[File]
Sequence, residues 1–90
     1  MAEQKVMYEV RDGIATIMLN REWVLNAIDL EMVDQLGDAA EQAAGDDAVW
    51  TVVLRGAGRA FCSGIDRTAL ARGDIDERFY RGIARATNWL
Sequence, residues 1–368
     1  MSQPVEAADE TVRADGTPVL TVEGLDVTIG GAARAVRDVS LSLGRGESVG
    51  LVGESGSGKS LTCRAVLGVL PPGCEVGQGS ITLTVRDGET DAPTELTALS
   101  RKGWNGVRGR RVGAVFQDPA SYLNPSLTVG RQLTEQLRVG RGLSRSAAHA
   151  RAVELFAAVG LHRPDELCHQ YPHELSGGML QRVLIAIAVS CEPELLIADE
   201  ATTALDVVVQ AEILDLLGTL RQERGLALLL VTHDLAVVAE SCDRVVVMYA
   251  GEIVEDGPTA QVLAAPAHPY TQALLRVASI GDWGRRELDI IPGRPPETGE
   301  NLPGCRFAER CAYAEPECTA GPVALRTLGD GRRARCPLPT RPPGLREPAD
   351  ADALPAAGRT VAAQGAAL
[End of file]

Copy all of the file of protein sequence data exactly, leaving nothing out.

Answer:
Sequence, residues 1–90
     1  MAEQKVMYEV RDGIATIMLN REWVLNAIDL EMVDQLGDAA EQAAGDDAVW
    51  TVVLRGAGRA FCSGIDRTAL ARGDIDERFY RGIARATNWL
Sequence, residues 1–368
     1  MSQPVEAADE TVRADGTPVL TVEGLDVTIG GAARAVRDVS LSLGRGESVG
    51  LVGESGSGKS LTCRAVLGVL PPGCEVGQGS ITLTVRDGET DAPTELTALS
   101  RKGWNGVRGR RVGAVFQDPA SYLNPSLTVG RQLTEQLRVG RGLSRSAAHA
   151  RAVELFAAVG LHRPDELCHQ YPHELSGGML QRVLIAIAVS CEPELLIADE
   201  ATTALDVVVQ AEILDLLGTL RQERGLALLL VTHDLAVVAE SCDRVVVMYA
   251  GEIVEDGPTA QVLAAPAHPY TQALLRVASI GDWGRRELDI IPGRPPETGE
   301  NLPGCRFAER CAYAEPECTA GPVALRTLGD GRRARCPLPT RPPGLREPAD
   351  ADALPAAGRT VAAQGAAL